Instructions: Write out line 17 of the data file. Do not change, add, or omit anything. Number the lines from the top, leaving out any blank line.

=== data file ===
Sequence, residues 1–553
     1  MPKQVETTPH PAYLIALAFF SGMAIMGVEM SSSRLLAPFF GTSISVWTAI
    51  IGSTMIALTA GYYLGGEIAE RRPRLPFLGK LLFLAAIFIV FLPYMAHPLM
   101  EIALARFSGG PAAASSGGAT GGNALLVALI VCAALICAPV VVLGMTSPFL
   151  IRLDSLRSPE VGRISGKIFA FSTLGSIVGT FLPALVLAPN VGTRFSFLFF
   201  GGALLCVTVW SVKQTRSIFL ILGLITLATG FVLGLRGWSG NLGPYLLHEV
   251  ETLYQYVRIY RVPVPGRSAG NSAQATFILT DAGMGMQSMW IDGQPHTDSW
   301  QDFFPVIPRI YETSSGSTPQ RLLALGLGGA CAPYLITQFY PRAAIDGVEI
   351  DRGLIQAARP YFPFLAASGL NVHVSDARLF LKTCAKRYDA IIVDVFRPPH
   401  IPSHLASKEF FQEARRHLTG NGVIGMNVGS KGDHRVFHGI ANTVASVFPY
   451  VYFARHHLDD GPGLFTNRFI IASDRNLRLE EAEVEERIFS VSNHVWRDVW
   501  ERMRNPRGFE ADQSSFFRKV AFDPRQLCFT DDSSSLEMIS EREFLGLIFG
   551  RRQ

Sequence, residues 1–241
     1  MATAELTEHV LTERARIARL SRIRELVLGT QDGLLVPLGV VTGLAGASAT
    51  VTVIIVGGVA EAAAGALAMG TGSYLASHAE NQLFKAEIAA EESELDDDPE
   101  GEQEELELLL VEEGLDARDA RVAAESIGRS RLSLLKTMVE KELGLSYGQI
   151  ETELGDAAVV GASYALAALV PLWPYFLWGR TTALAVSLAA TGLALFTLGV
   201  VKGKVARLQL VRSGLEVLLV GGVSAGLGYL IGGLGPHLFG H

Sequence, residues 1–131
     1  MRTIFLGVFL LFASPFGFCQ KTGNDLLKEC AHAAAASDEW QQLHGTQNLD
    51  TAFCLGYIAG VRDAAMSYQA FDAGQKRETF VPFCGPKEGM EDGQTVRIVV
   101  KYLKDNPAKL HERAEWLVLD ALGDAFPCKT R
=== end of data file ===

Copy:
   101  GEQEELELLL VEEGLDARDA RVAAESIGRS RLSLLKTMVE KELGLSYGQI